Water everywhere

Mars from Mars Global Surveyor showing water ice clouds
My kids – before they’re my age – will know Mars better than I know, say, Tasmania or Patagonia. They won’t have been there but they’ll feel like they have. If they’re paying attention (unlikely), they’ll also have a pretty detailed mental image of two or three of our Sun’s other planets, submarine images from Europa’s salty ocean and – maybe – reasonable pictures of half a dozen small-ish, blue-ish planets orbiting other stars. I suspect they’ll also know that the solar system – and the universe beyond it – are greener and more hospitable to life than we could ever have imagined and that there’s as much water (liquid and otherwise) on distant planets as there is here on earth. They’ll also have a pretty good idea how it got there.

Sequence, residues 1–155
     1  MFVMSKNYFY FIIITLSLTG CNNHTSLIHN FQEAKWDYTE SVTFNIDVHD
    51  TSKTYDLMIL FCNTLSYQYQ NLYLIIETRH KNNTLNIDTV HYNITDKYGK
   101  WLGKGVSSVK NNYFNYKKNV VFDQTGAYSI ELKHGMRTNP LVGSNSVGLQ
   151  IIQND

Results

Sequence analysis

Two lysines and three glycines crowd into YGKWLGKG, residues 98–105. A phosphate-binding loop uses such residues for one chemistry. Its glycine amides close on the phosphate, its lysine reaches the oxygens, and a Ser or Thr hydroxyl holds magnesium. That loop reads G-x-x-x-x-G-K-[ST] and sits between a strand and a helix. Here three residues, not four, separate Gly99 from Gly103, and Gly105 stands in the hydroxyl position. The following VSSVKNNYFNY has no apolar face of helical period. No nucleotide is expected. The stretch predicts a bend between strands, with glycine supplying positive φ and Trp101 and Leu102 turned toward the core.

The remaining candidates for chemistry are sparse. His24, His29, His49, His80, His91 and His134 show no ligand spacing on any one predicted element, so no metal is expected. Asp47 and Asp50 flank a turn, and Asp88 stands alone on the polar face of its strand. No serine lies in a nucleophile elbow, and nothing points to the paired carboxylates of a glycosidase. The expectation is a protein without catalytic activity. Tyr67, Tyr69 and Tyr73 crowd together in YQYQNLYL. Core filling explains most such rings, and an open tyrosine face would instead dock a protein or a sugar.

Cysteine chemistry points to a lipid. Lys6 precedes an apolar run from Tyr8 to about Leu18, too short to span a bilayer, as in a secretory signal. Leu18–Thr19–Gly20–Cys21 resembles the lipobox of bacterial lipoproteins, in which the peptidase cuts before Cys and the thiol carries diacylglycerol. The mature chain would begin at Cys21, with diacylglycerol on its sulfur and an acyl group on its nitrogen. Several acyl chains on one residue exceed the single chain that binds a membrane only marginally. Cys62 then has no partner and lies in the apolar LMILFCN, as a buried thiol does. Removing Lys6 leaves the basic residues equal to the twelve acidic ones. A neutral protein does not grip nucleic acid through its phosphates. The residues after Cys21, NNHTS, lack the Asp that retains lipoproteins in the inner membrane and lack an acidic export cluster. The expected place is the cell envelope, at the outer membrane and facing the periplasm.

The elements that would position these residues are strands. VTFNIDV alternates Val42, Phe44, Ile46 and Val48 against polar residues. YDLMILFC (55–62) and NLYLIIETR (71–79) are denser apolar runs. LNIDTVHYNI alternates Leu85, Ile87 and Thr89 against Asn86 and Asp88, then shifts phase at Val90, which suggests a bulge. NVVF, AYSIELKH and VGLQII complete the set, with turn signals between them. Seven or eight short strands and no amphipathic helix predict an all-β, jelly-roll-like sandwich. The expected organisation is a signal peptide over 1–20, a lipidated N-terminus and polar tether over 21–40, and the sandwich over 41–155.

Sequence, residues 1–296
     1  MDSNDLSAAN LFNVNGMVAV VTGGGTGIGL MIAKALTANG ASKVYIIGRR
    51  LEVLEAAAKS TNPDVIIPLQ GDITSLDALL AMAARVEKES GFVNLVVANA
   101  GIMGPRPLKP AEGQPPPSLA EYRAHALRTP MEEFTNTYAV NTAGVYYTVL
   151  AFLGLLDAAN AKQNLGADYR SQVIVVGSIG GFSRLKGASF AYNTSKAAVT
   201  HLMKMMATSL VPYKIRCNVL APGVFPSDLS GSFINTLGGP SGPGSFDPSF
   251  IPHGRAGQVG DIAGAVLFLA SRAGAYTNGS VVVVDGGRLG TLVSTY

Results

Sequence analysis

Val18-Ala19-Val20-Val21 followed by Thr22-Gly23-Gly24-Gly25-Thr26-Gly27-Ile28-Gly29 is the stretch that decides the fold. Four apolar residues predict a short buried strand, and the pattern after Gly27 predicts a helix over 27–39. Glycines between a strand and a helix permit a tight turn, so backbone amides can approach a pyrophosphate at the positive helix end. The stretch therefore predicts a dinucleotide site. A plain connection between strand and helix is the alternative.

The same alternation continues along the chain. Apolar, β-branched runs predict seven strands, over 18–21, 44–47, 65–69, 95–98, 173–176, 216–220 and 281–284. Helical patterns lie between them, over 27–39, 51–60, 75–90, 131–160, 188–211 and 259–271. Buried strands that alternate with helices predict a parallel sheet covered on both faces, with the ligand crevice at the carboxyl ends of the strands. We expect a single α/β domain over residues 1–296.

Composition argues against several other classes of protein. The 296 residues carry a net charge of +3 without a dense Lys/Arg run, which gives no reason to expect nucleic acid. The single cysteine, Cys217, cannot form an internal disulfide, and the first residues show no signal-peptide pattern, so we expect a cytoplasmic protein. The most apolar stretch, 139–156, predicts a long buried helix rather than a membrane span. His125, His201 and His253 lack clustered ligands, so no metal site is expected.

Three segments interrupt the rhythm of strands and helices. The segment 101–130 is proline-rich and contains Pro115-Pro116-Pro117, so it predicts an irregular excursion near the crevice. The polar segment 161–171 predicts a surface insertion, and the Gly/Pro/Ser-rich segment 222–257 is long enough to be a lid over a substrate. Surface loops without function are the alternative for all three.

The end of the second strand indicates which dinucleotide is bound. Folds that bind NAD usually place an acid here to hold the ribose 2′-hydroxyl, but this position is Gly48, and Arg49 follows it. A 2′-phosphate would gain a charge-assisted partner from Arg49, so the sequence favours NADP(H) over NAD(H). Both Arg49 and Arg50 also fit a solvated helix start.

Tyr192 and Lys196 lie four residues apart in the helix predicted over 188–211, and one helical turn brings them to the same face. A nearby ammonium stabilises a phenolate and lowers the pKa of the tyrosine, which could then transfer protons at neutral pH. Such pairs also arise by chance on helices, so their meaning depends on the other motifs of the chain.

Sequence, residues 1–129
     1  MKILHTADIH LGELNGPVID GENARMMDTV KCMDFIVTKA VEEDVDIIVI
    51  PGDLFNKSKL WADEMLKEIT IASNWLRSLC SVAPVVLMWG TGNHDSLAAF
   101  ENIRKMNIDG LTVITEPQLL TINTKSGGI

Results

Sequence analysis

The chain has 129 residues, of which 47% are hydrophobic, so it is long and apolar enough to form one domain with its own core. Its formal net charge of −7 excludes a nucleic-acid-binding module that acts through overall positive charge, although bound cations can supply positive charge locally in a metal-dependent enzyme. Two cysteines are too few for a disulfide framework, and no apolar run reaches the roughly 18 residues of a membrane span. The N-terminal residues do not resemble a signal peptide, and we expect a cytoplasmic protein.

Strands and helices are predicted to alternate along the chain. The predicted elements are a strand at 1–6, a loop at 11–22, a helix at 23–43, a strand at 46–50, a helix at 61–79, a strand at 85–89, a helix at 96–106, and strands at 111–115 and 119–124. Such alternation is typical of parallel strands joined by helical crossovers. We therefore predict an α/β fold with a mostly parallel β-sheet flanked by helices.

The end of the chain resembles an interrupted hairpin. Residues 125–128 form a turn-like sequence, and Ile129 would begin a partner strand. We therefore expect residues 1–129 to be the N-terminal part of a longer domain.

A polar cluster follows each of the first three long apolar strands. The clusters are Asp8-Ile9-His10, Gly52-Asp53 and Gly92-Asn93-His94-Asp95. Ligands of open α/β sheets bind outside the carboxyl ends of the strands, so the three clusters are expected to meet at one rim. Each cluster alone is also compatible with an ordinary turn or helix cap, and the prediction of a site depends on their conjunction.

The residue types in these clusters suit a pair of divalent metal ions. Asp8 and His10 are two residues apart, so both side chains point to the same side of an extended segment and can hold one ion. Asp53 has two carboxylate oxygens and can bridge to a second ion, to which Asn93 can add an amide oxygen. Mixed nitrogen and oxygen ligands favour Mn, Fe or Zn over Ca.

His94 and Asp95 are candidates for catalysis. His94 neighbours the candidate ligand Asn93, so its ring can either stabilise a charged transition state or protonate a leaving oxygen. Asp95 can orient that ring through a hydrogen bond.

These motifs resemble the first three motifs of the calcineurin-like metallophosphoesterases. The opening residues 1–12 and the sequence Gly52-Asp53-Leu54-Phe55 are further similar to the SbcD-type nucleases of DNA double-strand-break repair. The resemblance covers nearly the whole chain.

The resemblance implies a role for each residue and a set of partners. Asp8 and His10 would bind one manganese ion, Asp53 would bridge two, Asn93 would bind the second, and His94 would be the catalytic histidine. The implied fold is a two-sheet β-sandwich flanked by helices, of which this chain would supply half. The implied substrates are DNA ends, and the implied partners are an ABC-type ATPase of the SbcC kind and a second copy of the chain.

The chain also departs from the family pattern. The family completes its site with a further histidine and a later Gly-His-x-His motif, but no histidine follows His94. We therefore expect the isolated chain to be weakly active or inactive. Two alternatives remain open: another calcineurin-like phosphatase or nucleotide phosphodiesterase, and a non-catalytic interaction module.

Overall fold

Leo Enright, the BBC’s Space Correspondent (now that’s a good job title) has made a wonderful series of programmes about the discovery of water elsewhere in the Universe. His amazement and pleasure at the rush of new discoveries he uncovers keep spilling over into infectious laughter. Joyful factual radio.

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